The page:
Payne's Gray - Kadath Decoded. 1995 Germany

One of the most oddball, out-of-nowhere, metal releases of all time. I bought this CD not long after it was released, and it remains one of my most intriguing metal albums in the collection. The group had a couple of demos in the early 90s, released the full length Kadath Decoded, and then disappeared into the ether without a trace. Most metal bands have "band trees" that would make an 1800s Kentucky hillbilly proud, with so much inbreeding amongst the groups, it seems they're all a big one-toothed family. But Payne's Gray were the ultimate outsiders. It appears only bassist Martin Mannhardt continued on, landing in the hard rock group Wicked Sensation. There is a Facebook page, but it's from a loyal fan trying to keep the name alive, not an official sanction.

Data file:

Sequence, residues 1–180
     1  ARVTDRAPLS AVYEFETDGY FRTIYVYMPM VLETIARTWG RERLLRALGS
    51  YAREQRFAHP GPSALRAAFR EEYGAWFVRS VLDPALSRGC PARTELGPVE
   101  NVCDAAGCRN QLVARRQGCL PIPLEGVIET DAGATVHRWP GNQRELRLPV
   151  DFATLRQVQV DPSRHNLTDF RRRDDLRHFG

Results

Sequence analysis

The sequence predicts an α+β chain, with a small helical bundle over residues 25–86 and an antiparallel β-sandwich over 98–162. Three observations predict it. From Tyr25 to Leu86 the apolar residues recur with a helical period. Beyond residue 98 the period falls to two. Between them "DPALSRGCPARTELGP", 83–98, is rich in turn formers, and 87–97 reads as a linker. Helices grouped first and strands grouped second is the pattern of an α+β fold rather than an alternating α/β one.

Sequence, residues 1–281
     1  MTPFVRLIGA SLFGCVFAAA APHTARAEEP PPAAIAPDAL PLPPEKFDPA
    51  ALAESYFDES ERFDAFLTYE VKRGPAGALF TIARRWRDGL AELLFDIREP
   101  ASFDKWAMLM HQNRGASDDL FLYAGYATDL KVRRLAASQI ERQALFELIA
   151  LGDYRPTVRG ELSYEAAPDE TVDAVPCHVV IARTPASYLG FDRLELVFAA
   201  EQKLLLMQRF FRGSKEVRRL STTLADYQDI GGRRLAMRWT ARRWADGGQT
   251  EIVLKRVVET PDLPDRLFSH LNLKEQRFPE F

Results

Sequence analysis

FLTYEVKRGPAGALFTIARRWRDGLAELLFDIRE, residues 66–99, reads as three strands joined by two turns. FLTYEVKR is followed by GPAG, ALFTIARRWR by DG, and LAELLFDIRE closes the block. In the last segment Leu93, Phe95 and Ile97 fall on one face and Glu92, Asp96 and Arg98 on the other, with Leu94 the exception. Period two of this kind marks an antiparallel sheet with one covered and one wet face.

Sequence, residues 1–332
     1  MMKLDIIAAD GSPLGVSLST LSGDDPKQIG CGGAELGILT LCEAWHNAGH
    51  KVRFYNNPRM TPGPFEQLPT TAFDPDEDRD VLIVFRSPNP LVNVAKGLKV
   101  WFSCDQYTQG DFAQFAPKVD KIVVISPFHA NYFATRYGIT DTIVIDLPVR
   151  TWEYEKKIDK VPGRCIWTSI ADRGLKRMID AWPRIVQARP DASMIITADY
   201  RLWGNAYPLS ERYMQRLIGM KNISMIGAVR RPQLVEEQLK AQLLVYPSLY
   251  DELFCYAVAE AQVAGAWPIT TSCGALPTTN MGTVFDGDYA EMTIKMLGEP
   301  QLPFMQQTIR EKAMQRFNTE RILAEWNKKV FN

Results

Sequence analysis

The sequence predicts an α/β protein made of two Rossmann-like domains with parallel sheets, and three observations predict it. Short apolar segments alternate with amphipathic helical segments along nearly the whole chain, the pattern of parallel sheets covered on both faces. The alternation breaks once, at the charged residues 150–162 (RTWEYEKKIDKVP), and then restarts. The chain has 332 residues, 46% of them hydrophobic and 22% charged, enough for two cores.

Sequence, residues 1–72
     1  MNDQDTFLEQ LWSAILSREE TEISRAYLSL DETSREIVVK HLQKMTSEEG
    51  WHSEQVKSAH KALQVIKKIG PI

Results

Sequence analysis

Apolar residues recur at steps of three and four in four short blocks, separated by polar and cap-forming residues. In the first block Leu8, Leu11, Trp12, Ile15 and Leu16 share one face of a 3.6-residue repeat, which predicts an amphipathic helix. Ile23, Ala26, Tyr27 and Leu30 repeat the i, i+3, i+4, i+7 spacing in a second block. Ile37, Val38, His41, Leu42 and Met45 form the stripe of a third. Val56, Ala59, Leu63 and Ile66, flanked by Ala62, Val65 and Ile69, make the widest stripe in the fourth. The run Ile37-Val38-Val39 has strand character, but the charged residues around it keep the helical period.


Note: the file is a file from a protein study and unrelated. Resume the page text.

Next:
The album itself is as strange as the group's isolation. It's not even until the 3rd track, almost 10 minutes in, does one begin to realize that it is a metal album at all. The compositions are certainly 90s styled "prog metal", but the instrumentation is far more diverse than the usual riffing and crunch on top of the chords emanating from that week's latest digital keyboard contraption - along with some eunuch screaming about something no one cares about. Nope - on Kadath Decoded there's flute, acoustic guitar, and real singing and lyrics as well. The music doesn't appear to be based in genre norms, and had it been released 20 years earlier, most assuredly would be under consideration for my "Wonderful Freaky Underground" list. There's no other album quite like this one, and I find it endearing because of it. That's not to say it's not recognizable - oh no not that - it's still very familiar. Like a skewed camera shot of your living room. They took their one crack at creating a unique vision of an album concept based on Lovecraft, and left something to ponder for years to come. A real head-scratcher for sure.

Personal collection
CD: 1995 Grau

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